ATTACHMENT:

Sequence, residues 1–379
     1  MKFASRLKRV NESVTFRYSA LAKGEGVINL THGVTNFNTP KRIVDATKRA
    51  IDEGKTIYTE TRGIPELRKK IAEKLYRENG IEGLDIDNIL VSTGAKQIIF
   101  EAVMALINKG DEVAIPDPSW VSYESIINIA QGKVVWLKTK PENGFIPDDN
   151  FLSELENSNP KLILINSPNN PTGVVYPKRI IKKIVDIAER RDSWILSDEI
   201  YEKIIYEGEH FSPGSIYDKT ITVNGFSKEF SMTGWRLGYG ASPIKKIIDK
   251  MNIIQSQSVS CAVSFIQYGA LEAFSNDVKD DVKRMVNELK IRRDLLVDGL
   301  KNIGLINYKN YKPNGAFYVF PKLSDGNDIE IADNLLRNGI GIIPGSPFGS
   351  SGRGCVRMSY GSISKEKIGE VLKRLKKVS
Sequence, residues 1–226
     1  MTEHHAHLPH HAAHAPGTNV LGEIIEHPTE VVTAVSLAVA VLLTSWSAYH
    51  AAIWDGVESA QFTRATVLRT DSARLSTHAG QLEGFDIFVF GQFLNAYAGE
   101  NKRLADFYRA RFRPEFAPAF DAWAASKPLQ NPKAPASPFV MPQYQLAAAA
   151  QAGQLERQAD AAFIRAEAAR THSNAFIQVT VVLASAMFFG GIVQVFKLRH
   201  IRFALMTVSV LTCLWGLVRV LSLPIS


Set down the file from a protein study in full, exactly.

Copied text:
Sequence, residues 1–379
     1  MKFASRLKRV NESVTFRYSA LAKGEGVINL THGVTNFNTP KRIVDATKRA
    51  IDEGKTIYTE TRGIPELRKK IAEKLYRENG IEGLDIDNIL VSTGAKQIIF
   101  EAVMALINKG DEVAIPDPSW VSYESIINIA QGKVVWLKTK PENGFIPDDN
   151  FLSELENSNP KLILINSPNN PTGVVYPKRI IKKIVDIAER RDSWILSDEI
   201  YEKIIYEGEH FSPGSIYDKT ITVNGFSKEF SMTGWRLGYG ASPIKKIIDK
   251  MNIIQSQSVS CAVSFIQYGA LEAFSNDVKD DVKRMVNELK IRRDLLVDGL
   301  KNIGLINYKN YKPNGAFYVF PKLSDGNDIE IADNLLRNGI GIIPGSPFGS
   351  SGRGCVRMSY GSISKEKIGE VLKRLKKVS
Sequence, residues 1–226
     1  MTEHHAHLPH HAAHAPGTNV LGEIIEHPTE VVTAVSLAVA VLLTSWSAYH
    51  AAIWDGVESA QFTRATVLRT DSARLSTHAG QLEGFDIFVF GQFLNAYAGE
   101  NKRLADFYRA RFRPEFAPAF DAWAASKPLQ NPKAPASPFV MPQYQLAAAA
   151  QAGQLERQAD AAFIRAEAAR THSNAFIQVT VVLASAMFFG GIVQVFKLRH
   201  IRFALMTVSV LTCLWGLVRV LSLPIS